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I think another important column to have is temperature. From the information I have read and graphs I have seen, capacity of the battery is dependent on temperature. I don't know if the software reads battery temperature, but ambient temperature could be used. My battery capacity has always been low and I think it would depress me to start logging it. I haven't seen much degradation and I don't want to stress over it. I am at 45,000 miles and I still use hilltop reserve and drive my Bolt 130 miles a day. On a good day I have 35% capacity left and on a cold day I have 20% capacity left. I guess if it degrades I will just charge to 100%...
 

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Discussion Starter #6
I think another important column to have is temperature. From the information I have read and graphs I have seen, capacity of the battery is dependent on temperature. I don't know if the software reads battery temperature, but ambient temperature could be used. My battery capacity has always been low and I think it would depress me to start logging it. I haven't seen much degradation and I don't want to stress over it. I am at 45,000 miles and I still use hilltop reserve and drive my Bolt 130 miles a day. On a good day I have 35% capacity left and on a cold day I have 20% capacity left. I guess if it degrades I will just charge to 100%...
Feel free to enter a temperature column if you like and specify what temp should be logged, I have not recorded that but guess I could look at historic ambient temperatures for the dates I logged the capacity data...
 

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looks like @GJETSON has been diligent about tracking and logging his Bolt battery capacity, and others of us, not so much ;-) I just updated mine today, if anyone else is interested in logging or just reviewing the data collected to date please see my first post in this thread.
 

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I started a Google sheet, that anyone can edit, to help track users Bolt reported Battery capacity. I previously posted a link to it in one of the threads but it quickly became buried with other posts. To make it easy to find and contribute to I am giving it it's own thread.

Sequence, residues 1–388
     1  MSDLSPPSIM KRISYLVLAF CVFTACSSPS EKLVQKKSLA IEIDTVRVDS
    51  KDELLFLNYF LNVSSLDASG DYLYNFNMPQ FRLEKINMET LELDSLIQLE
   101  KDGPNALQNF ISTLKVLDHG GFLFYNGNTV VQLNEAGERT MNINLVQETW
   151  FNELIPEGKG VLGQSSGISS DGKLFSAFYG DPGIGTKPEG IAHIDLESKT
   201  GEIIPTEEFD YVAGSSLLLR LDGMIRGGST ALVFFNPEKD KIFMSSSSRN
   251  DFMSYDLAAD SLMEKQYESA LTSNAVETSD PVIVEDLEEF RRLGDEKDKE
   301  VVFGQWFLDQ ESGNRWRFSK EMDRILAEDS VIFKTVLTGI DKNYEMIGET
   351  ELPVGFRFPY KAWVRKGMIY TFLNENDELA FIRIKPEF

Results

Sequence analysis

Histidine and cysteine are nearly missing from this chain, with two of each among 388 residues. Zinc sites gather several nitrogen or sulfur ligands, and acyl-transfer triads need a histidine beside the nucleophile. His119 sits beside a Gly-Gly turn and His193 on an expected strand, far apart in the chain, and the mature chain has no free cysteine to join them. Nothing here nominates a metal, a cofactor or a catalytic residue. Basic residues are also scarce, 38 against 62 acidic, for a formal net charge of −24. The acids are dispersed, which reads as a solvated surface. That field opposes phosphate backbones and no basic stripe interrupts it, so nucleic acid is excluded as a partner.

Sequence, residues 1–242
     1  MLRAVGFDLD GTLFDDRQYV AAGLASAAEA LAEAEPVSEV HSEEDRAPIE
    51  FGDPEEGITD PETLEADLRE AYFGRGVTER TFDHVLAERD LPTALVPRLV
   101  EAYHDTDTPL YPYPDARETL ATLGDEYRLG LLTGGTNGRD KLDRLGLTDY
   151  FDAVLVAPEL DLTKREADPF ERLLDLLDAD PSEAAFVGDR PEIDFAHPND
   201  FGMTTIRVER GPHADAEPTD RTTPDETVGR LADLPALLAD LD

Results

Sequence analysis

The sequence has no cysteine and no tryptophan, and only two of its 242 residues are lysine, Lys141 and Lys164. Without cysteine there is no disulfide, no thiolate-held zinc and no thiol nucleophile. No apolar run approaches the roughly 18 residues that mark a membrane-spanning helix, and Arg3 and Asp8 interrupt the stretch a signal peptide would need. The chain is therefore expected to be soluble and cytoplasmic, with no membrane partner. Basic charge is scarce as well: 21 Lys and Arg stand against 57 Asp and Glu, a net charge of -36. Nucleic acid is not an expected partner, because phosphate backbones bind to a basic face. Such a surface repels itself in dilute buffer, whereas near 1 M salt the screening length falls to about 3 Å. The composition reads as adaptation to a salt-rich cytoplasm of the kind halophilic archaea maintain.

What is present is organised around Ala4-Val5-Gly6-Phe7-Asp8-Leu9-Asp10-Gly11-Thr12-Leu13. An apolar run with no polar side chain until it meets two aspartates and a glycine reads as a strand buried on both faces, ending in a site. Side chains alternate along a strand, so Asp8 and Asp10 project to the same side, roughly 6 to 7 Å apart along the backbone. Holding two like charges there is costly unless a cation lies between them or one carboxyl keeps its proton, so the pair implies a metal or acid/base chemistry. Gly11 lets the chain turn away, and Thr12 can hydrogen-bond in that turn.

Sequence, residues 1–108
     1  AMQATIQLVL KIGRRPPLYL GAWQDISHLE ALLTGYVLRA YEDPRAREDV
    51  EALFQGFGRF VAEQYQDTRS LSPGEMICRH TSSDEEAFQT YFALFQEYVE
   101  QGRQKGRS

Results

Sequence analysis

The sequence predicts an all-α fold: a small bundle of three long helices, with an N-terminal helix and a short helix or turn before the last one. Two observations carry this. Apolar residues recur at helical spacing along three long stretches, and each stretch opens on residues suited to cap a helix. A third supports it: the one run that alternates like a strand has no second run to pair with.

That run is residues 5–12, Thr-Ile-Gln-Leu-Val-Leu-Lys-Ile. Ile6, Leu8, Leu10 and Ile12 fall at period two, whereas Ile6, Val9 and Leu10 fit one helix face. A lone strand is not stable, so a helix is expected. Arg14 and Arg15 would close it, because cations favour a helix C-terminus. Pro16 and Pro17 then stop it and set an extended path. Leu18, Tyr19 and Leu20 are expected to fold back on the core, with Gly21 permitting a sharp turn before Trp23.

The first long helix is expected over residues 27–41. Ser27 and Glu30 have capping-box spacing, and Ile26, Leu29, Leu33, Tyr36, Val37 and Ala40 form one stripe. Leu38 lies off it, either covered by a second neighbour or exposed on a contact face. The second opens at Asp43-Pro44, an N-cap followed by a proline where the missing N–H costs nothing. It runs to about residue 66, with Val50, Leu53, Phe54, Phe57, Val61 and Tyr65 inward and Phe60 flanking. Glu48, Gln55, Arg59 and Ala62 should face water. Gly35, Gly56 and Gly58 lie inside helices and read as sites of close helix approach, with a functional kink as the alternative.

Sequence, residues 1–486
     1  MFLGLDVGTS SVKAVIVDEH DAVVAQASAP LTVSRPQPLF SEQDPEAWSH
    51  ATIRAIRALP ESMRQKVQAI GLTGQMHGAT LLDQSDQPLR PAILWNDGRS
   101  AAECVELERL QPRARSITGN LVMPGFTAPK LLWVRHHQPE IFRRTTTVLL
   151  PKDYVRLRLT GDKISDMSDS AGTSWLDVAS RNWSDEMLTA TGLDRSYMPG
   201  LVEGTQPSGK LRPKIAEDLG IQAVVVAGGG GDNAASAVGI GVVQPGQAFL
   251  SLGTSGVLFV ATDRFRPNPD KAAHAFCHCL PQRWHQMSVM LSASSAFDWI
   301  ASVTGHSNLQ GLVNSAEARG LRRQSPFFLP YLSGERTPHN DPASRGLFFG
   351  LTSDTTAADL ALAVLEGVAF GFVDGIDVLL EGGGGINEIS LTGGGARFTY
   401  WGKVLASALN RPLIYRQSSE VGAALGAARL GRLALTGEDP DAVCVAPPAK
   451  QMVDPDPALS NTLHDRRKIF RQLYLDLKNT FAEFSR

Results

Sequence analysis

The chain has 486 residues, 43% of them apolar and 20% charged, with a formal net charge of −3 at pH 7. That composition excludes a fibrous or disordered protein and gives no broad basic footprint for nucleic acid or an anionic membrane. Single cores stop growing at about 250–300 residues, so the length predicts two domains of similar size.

https://docs.google.com/spreadsheets/d/1ZIgmv9f_QHJ3DDzKWDz_b4k8Yg7HvMn3oeAFbuuqAEw/edit?usp=sharing

For info on how to read battery capacity please see this thread
I went to your link on how to read battery capacity. I have never used an odb, etc. so this will take some study.
However, I have a question. From previous posts, I understood that with a 2019 Bolt you can not read out the battery capacity with a odb. If this is true, then there is no reason for me to buy a odb. Can you or someone else let me know if you can now read out the battery capacity on a 2019 Bolt? :confused:

Thanks for any help you can give.
 

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ArizonaJon;504083Can you or someone else let me know if you can now read out the battery capacity on a 2019 Bolt? :confused: [/QUOTE said:
No. You cannot see the battery capacity PID on a 2019 Bolt.
 

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Yes, disappointingly GM has locked down the ability to read the capacity, I am sure the dealer still can, but seems reading the capacity with OBD2 is is a feature of the 2017 Bolt. I updated my reading in the table linked in the first post yesterday, it has bounced around more than I would have expected but is currently reading 59.7kWh. I did just have a few DCFC events from a recent road trip, and it has been very pleasantly warm this Summer in Upstate NY.

The Bolt just loves the warm weather, as do I, and my efficiency has been registering 4.0 m/kWh even driving "with traffic" ;)
 

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I've just posted my one-year mark with TorquePro and ~two years of ownership. Bouncing around low to mid 59s. Could someone plot the data posted. I am not familiar with this charting program and I could do it manually but someone's probably a geek with Google. I plot my own records and will post them shortly in a separate post. Gist, degradation exists, is slow, and beats the **** out of Nissan.